Bitcoin tops $17,000; hack raises concerns ahead of US trade

FILE - In this Monday, April 7, 2014, file photo, a bitcoin logo is displayed at the Inside Bitcoins conference and trade show in New York. The bitcoin miner NiceHash says it is investigating a security breach and the theft of the contents of the NiceHash "bitcoin wallet." The company said Thursday, Dec. 7, 2017 in a statement posted on its website that it had stopped operations and was working to verify how many bitcoins were taken. (AP Photo/Mark Lennihan, File)

TOKYO — Bitcoin surged past $17,000 Thursday as the frenzy surrounding the virtual currency escalated just days before it starts trading on major U.S. exchanges. Bitcoin has gained more than $5,000 in just the past two days.

At the same time, there are fresh concerns about the security of bitcoin and other virtual currencies after NiceHash, a company that mines bitcoins on behalf of customers, said it is investigating a breach that may have resulted in the theft of about $70 million worth of bitcoin.

Research company Coindesk said that a wallet address referred to by NiceHash users indicates that about 4,700 bitcoins had been stolen. NiceHash said it will stop operating for 24 hours while it verifies how many bitcoins were taken. Wallet is a nickname for an online account.

As of 11:15 a.m. EST, bitcoin was valued at $17,482, according to Coinbase, the largest bitcoin exchange. At the start of the year, one bitcoin was worth less than $1,000.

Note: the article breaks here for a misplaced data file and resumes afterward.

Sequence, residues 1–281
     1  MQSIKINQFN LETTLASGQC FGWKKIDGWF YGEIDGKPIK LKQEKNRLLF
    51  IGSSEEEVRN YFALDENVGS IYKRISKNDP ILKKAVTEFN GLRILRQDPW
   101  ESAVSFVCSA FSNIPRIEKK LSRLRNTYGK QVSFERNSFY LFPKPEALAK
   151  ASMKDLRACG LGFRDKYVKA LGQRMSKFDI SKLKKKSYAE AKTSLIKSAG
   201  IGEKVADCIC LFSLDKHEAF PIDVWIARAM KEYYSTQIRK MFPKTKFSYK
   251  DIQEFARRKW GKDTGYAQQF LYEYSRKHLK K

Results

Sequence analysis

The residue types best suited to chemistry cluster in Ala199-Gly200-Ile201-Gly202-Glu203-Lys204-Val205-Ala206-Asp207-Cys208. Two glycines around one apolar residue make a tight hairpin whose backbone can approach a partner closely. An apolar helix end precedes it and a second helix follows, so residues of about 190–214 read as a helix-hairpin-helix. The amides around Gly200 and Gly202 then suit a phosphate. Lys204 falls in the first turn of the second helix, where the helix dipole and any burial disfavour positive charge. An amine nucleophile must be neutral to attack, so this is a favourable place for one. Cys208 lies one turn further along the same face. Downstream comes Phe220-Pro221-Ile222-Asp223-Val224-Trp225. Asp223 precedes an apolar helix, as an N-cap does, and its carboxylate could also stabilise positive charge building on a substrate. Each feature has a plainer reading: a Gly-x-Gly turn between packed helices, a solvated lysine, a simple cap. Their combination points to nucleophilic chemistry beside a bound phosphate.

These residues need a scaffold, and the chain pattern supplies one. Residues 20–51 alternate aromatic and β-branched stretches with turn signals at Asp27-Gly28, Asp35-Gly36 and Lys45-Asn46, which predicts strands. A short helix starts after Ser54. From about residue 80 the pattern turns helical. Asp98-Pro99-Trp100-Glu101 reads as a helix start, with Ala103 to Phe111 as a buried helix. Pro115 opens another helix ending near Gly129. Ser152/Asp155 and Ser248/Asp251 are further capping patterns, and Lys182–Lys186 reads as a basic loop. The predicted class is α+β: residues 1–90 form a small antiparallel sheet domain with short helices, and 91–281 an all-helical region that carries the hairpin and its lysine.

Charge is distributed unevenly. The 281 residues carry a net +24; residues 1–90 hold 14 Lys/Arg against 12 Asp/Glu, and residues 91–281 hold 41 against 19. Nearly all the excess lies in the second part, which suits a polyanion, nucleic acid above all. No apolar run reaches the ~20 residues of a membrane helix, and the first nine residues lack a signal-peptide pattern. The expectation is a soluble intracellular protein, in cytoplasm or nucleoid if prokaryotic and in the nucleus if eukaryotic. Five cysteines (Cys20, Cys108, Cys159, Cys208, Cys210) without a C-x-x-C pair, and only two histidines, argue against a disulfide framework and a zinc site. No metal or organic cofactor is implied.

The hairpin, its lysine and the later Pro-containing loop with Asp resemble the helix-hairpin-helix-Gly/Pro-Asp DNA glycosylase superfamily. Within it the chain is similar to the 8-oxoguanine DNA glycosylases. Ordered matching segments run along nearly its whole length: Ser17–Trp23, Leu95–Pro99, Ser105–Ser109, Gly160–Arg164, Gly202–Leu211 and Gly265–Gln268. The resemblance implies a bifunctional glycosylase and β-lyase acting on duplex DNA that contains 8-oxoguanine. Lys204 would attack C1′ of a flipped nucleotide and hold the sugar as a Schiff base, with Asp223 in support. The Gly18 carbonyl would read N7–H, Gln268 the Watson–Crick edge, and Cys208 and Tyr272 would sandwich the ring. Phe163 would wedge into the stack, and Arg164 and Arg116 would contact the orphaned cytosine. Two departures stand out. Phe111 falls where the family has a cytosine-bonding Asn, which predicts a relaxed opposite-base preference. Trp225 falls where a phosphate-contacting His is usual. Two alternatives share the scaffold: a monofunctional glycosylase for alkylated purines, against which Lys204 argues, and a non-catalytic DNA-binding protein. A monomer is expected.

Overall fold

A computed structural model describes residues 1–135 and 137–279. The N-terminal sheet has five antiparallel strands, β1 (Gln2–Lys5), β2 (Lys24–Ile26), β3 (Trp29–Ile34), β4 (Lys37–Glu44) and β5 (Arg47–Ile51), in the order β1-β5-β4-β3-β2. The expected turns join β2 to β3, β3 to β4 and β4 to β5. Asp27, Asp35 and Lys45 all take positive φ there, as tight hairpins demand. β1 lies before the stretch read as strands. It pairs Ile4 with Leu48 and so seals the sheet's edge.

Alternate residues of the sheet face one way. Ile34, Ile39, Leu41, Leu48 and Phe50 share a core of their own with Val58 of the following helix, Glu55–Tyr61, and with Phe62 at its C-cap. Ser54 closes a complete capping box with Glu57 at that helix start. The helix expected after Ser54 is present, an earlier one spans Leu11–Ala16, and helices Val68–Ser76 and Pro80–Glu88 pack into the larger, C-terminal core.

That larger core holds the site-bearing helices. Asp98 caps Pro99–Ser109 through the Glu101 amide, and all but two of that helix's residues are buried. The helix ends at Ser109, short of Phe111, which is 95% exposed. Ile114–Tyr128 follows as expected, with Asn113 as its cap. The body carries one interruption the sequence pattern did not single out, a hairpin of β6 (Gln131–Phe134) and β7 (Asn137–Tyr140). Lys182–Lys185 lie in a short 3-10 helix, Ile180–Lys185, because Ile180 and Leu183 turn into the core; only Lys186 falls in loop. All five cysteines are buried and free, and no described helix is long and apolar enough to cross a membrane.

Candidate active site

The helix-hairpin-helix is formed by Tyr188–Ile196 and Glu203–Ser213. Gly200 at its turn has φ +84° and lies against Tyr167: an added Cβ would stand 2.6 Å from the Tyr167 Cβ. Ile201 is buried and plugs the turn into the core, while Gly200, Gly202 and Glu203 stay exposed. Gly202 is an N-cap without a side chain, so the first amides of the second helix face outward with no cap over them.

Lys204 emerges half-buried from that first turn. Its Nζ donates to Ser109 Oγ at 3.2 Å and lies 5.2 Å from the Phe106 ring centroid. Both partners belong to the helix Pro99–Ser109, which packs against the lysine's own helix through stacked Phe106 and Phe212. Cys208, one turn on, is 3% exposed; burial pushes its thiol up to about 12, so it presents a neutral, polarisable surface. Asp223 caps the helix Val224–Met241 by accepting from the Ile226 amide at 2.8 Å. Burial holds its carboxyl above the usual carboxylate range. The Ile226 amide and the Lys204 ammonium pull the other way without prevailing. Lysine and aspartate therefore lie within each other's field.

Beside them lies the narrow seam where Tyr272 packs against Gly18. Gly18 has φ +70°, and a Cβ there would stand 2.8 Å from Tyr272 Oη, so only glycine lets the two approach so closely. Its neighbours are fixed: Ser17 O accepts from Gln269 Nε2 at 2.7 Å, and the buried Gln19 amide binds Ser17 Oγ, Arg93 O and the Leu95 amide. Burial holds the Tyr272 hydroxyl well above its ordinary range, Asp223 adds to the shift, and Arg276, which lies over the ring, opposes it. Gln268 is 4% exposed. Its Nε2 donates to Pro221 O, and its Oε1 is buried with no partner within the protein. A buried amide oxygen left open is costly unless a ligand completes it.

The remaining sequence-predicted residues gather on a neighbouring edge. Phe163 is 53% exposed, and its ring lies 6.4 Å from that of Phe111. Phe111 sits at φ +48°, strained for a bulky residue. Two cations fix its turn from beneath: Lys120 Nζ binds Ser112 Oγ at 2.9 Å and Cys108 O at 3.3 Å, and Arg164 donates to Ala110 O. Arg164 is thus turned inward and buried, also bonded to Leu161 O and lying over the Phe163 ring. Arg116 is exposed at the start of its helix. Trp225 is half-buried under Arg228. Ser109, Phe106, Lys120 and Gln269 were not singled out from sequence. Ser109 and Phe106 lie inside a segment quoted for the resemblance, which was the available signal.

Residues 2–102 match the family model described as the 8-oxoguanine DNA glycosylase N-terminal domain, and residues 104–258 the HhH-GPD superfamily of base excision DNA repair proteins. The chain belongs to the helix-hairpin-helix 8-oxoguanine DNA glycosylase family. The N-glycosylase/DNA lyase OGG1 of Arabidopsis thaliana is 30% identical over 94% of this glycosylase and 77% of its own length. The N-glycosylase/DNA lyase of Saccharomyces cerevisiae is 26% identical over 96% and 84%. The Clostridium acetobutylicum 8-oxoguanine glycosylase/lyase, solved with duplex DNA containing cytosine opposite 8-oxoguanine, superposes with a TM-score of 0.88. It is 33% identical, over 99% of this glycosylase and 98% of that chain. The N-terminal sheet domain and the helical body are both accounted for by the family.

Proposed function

The surge in the price and the hack of NiceHash occurred just as the trading community prepares for bitcoin to start trading on two established U.S. exchanges. Futures for bitcoin will start trading on the Chicago Board Options Exchange on Sunday evening and on crosstown rival CME Group's platforms later in the month.

That has increased the sense among some investors that bitcoin is gaining in mainstream legitimacy after several countries, like China, tried to stifle the virtual currency.

Bitcoin is the world's most popular virtual currency. Such currencies are not tied to a bank or government and allow users to spend money anonymously. They are basically lines of computer code that are digitally signed each time they are traded.

A debate is raging on the merits of such currencies. Some say they serve merely to facilitate money laundering and illicit, anonymous payments. Others say they can be helpful methods of payment, such as in crisis situations where national currencies have collapsed.

Miners of bitcoins and other virtual currencies help keep the systems honest by having their computers keep a global running tally of transactions. That prevents cheaters from spending the same digital coin twice.

Online security is a vital concern for such dealings.

In Japan, following the failure of a bitcoin exchange called Mt. Gox, new laws were enacted to regulate bitcoin and other virtual currencies. Mt. Gox shut down in February 2014, saying it lost about 850,000 bitcoins, possibly to hackers.

NiceHash did not respond to an emailed request for more details about the breach.

"The incident has been reported to the relevant authorities and law enforcement and we are cooperating with them as a matter of urgency," it said in a statement, where it also urged users to change their online passwords.

Slovenian police are investigating the case together with authorities in other states, spokesman Bostjan Lindav said, without providing details.

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Ali Zerdin in Ljubljana, Slovenia, and Carlo Piovano in London contributed to this story.

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